A Strategic Pandemic Response
Dr. Heiko H. Stutzke
Thrill. Often this is what moves researchers and explorers to set off into unknown terrain. To know what lies behind the horizon – literally or sometimes on a microscopic level – creates a magical fascination for many of us. As a child, many people dreamed of changing the world with their discoveries.
It also feels good because we decide for ourselves what we do and what we do not do. We are in control.
In a pandemic, it is very different. Here we do not pull the strings, but an organism does. It forces us to take actions that we have not chosen, changes our habits, and may end up leading to a new normal that none of us would have wished for.
And one thing must be very clear to us: after the pandemic is before the pandemic. We now know that we need to prepare very well and precisely for the further course of the current pandemic. At the same time, we need to create structures that provide a reliable framework for action when the next virus comes along.
This is not easy. We need to cover many different priorities and create uniform, consistent rules on which we can all orientate ourselves. Local and regional patchwork is not a viable solution here. What is needed is a "pandemic strategy".
The only question is: what can such a pandemic strategy look like?
Such a project must be very well prepared. This includes first defining the parameters for the action framework, i.e., determining the starting position and then defining the next course of action. We suggest the following steps:
1 Formulate a vision
A vision is a formulated, sometimes idealized vision. It can be as follows:
"Develop and maintain a consistent set of measures to effectively combat a pandemic from the very beginning."
2 Define challenges and turn them into goals
The challenges and target formulations need to be analyzed particularly carefully. The quality of this step determines the quality of the resulting measures. Here is an extract:
In this way, the framework for the next step is already being created
3 Develop concrete, effective measures
The target formulation provides the framework conditions for concrete measures. These might look like this:
In terms of content, it is a question of determining when which measures are appropriate and effective. Here, the following comparatively simple questions must be answered: What worked well, what is sub-optimal? Which measures were easy to implement (= strengths), which caused problems or additional challenges (= weaknesses). Where are the gaps that require further or different regulations? Where did the costs come from?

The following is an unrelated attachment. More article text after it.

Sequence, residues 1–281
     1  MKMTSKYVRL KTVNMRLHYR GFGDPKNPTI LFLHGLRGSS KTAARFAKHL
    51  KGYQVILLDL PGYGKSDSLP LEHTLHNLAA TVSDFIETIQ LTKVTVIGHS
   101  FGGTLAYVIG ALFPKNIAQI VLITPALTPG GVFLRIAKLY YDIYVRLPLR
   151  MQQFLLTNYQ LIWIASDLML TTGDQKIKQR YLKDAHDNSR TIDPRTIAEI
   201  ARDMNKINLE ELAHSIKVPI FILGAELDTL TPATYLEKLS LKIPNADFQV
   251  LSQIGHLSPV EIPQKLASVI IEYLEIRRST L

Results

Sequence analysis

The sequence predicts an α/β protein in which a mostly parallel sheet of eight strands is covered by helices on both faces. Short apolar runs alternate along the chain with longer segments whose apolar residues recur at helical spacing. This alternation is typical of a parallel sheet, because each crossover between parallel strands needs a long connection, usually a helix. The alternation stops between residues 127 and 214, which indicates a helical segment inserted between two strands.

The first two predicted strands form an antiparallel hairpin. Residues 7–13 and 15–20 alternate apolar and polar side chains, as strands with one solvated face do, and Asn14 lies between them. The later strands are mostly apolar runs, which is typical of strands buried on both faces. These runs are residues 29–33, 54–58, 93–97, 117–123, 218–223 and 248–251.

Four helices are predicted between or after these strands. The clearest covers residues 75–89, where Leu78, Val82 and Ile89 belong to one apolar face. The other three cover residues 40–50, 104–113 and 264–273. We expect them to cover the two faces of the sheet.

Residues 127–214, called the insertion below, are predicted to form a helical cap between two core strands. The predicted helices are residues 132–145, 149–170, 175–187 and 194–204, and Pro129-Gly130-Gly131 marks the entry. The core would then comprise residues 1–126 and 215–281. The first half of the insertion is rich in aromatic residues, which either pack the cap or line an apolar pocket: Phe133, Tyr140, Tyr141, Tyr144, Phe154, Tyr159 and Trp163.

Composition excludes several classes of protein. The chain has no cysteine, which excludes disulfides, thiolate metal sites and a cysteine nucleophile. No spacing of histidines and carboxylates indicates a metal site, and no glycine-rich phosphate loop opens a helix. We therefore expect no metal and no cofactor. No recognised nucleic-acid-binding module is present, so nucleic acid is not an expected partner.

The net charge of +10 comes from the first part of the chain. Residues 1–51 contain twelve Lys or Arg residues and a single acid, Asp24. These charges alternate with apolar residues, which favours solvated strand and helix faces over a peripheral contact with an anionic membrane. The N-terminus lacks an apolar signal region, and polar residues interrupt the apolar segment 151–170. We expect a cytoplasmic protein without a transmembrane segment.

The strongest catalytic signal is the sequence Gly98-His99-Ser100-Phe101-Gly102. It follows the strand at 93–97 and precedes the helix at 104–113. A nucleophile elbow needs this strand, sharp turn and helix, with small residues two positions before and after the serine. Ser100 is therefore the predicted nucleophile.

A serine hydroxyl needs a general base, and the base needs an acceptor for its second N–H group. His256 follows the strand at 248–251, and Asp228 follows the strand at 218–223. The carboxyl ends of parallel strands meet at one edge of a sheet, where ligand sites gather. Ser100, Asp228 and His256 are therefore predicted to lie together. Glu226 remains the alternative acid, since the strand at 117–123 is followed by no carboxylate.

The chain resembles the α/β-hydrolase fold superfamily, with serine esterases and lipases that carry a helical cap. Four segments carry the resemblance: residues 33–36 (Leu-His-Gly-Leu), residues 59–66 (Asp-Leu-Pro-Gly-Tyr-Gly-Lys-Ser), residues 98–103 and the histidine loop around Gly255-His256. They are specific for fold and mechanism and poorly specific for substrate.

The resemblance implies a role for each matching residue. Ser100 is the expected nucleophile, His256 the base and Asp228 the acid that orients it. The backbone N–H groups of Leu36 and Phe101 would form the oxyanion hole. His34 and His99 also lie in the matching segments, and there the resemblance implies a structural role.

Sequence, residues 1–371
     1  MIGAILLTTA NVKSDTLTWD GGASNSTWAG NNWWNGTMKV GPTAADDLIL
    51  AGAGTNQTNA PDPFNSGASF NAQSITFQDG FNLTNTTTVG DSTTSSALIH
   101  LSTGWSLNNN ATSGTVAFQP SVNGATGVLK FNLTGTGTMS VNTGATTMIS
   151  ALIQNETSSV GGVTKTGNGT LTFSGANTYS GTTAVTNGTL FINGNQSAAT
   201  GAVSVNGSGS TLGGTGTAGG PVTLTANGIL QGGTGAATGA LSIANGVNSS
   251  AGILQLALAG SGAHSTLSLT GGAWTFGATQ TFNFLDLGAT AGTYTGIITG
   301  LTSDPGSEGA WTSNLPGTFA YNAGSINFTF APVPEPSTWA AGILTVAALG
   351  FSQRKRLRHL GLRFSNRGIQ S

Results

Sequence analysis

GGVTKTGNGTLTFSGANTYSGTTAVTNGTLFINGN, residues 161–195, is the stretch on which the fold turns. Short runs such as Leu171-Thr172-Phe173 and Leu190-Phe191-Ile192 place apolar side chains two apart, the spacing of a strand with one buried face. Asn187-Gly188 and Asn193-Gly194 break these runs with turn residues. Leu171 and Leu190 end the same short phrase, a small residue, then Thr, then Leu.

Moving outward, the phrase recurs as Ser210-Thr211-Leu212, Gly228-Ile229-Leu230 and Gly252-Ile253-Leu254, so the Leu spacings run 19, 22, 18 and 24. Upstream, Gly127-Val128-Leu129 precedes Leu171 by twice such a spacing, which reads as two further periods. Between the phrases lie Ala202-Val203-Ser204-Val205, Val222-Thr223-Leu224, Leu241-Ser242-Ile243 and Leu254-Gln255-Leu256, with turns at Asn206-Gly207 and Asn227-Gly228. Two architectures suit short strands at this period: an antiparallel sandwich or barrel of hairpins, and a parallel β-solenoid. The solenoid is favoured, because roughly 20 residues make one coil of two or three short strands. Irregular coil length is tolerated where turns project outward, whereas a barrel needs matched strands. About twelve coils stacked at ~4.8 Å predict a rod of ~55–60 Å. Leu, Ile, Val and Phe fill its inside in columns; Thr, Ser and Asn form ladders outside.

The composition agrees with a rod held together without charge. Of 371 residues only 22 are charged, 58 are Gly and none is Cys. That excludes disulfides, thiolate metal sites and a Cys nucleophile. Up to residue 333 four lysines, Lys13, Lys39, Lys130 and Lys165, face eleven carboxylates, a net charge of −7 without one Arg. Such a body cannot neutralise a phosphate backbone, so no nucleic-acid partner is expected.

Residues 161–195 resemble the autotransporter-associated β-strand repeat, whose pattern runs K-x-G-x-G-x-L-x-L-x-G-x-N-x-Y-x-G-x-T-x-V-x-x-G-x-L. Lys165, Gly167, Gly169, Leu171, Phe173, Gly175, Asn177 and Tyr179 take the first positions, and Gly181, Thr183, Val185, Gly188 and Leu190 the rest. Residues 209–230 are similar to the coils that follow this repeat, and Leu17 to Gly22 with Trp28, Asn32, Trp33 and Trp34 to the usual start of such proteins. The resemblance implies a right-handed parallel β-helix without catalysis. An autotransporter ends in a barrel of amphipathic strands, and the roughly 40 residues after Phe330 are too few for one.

This simple presentation must not obscure the fact that this is a highly complex detail work that requires special attention and regular scrutiny. However, the result can then look like step 4.
4 A unified strategy to combat pandemics
What could be the result of the work of the Task Force?
With the aim of effectively containing a pandemic and comprehensible actions for all sectors of the economy and population, the following could be envisioned:
How does the retail trade have to behave when a pandemic has just broken out (level 1)? Content: Uniform hygiene concepts, staffing (grouping, avoid meetings, rosters, ...), coordination with suppliers, ensuring supply (opening hours, access regulations), preventing panic purchases, and much more.
All measures and regulations are compared with the current state of knowledge and regularly reviewed in defined cycles, for example once a month. If necessary, the checklists are updated. This also involves regular information to the public, for example on upcoming changes.
The effective implementation of this strategy does not have to be a “bureaucracy monster”. Many measures involve a wide range of actors. In addition, the scope of the measures must be designed in such a way that it can be easily understood and implemented by everyone concerned.
Overall, this strategy would minimize a significant potential for conflict between existing solutions and practices, namely the patchwork of regionally and sectorally different regulations and measures. Acceptance would be strengthened, and population, economy and culture would benefit.
Effective protection of population and economy from the effects of a pandemic would be optimally implemented through the strategic fight against pandemics.
Because the next pandemic is definitely coming.
About the Author
Dr. Heiko H. Stutzke is a graduate economist and managing partner of Strategiebüro Nord (Strategy Office North) in Germany.
Strategiebüro Nord works for companies and organizations in the private, social, and public sector, for founders and for companies at the beginning of their development.
Our focus is on individual challenges and questions that often arise from the trends of our time. We take up the planning and the team-oriented strategic moderation to find good solutions. The result of our work are strategic concepts that ensure long-term success.
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